* Settle short-term sleep debt with an extra hour or two per night. If you lost 10 hours of sleep, pay the debt back in nightly one or two-hour installments.
* Keep a sleep diary. Record when you go to bed, when you get up, your total hours of sleep, and how you feel during the day. As you keep track of your sleep, you’ll discover your natural patterns and get to know your sleep needs. Click here to download Helpguide’s sleep diary.
* Take a sleep vacation to pay off a long-term sleep debt. Pick a two-week period when you have a flexible schedule. Go to bed at the same time every night and allow yourself to sleep until you wake up naturally. No alarm clocks! If you continue to keep the same bedtime and wake up naturally, you’ll eventually dig your way out of debt and arrive at the sleep schedule that’s ideal for you.
* Make sleep a priority. Just as you schedule time for work and other commitments, you should schedule enough time for sleep. Instead of cutting back on sleep in order to tackle the rest of your daily tasks, put sleep at the top of your to-do list.
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Symptoms, Studies, Treatment, and Self-Help
More Helpguide Articles:
* Tips for Getting Better Sleep: How to Sleep Well Every Night
* Sleeping Pills, Sleep Aids, and Medications: What You Need to Know
* Sleeping Well As You Age: Healthy Sleep Habits for Seniors
* How to Stop Snoring: Causes, Cures, Remedies, and Treatments
Related links for sleep cycles, stages, hours, and needs
Brain Basics: Understanding Sleep – Learn about sleep benefits and sleep needs, dreaming, circadian rhythms, sleep cycles and stages, and sleep disorders. (National Institute of Neurological Disorders and Stroke)
Your Guide to Healthy Sleep (PDF) – Comprehensive guide to sleep and why it matters. Learn about the stages and cycles of sleep, the dangers of sleep deprivation, and dealing with common sleep problems. (National Institutes of Health)
Let Sleep Work for You – Learn why both quantity and quality matter when it comes to sleep, and how to get the sleep you need. Includes an overview of the cycles and stages of sleep. (The National Sleep Foundation)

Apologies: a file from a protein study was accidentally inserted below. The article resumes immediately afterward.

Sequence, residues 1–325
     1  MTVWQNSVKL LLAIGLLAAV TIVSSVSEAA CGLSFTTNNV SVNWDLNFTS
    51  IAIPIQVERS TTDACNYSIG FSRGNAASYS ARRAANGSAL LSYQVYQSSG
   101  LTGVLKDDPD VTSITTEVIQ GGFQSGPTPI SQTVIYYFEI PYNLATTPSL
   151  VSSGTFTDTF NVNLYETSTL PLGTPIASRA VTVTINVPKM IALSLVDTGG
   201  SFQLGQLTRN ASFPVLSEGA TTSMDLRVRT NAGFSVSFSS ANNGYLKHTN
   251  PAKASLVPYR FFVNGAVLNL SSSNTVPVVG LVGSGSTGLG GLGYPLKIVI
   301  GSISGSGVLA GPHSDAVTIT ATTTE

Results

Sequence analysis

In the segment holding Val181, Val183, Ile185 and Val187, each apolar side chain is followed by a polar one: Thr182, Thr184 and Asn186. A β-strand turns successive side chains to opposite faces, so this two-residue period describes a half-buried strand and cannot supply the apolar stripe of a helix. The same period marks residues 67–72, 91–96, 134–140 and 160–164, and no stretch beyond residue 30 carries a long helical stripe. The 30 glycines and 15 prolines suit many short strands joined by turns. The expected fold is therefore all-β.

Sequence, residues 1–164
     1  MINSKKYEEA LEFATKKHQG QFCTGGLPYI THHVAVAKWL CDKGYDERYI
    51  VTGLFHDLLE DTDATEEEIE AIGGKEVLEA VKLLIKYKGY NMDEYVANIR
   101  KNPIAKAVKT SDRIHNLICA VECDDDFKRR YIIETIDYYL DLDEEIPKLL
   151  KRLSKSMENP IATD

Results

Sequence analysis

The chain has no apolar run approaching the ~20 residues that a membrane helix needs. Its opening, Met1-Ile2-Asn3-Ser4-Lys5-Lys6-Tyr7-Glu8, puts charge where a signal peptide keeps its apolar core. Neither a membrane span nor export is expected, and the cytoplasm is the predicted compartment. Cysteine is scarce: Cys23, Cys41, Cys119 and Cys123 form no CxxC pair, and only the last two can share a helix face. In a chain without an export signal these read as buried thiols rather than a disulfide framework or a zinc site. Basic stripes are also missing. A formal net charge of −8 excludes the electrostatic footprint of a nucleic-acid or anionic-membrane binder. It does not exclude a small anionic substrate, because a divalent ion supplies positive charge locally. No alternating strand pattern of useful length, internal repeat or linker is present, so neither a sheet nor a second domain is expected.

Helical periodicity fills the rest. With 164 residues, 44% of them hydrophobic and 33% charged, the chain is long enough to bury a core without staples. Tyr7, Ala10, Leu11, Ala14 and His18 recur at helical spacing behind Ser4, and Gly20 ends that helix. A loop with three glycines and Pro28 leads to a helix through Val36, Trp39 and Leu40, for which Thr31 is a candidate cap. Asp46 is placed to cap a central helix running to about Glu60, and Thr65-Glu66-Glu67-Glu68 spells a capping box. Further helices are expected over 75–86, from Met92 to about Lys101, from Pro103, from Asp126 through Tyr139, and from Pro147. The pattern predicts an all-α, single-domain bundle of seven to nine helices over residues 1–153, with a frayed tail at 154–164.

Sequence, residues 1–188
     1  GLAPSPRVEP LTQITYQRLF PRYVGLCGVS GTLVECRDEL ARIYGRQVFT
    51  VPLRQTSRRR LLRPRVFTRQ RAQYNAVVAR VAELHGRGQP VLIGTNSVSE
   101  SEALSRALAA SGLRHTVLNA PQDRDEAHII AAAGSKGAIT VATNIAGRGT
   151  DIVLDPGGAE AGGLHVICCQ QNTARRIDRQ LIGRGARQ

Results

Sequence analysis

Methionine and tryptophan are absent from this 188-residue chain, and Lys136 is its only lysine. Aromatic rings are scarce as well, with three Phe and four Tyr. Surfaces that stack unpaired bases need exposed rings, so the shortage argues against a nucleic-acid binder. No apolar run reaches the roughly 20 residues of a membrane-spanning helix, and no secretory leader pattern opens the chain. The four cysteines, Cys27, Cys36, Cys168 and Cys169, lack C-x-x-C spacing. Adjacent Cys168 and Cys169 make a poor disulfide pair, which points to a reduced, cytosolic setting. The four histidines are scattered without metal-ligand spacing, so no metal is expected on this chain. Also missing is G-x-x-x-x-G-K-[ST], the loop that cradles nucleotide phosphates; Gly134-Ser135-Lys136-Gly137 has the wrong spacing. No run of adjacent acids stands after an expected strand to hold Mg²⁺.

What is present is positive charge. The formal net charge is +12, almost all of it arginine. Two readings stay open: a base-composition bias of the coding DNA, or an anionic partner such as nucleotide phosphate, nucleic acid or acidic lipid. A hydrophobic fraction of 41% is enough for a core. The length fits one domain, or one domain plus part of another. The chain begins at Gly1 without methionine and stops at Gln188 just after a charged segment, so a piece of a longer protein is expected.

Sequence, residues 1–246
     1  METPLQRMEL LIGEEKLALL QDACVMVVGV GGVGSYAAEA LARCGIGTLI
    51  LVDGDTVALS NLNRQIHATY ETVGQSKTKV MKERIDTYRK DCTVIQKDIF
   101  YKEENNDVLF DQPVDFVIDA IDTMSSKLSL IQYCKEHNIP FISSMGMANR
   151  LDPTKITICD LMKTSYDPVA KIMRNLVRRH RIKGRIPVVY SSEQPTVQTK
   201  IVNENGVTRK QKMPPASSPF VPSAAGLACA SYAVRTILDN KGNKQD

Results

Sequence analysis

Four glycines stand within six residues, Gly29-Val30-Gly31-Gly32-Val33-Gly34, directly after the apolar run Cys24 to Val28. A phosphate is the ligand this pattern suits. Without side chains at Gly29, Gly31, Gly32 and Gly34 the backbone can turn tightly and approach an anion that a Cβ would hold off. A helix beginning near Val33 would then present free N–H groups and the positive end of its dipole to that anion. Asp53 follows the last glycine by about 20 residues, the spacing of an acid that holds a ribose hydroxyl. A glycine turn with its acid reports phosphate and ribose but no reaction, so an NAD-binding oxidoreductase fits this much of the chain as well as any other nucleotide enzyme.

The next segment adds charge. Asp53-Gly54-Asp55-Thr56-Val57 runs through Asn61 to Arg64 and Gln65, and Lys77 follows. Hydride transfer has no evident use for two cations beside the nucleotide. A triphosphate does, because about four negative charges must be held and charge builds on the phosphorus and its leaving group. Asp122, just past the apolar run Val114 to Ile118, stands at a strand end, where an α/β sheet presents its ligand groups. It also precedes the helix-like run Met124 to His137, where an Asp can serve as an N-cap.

Assess Your Sleep Needs – Learn about typical sleep needs and how to determine your own nightly needs. (Get Sleep, Harvard Medical School Division of Sleep Medicine)
How Much Sleep Do We Really Need? – Research on sleep needs and sample sleep requirements in different age ranges. (The National Sleep Foundation)
How Much Sleep Is Enough for My Child? – Figure out if your child is getting adequate sleep and learn about the sleep needs of different age groups. (KidsHealth)
Sleep deprivation and sleep debt
Effects of Sleep Deprivation – Learn about the consequences of sleep deprivation and how you can pay off your sleep debt. (Stanford Sleep & Dreams)
Consequences of Insufficient Sleep – Series of articles and videos on the consequences of sleep deprivation and chronic lack of sleep, including its impact on driving, judgment, and disease risk. (Healthy Sleep Web Site)
Can You Catch Up on Lost Sleep? – Explore the consequences of sleep debt, including its effects on health, productivity, and performance. Includes tips on how to repay sleep debt. (Scientific American)
Melinda Smith, M.A., and Robert Segal, M.A., contributed to this article. Last reviewed: July 2010.
How Much Sleep Do You Need? Sleep Cycles & Stages, Lack of Sleep & Getting the Hours You Need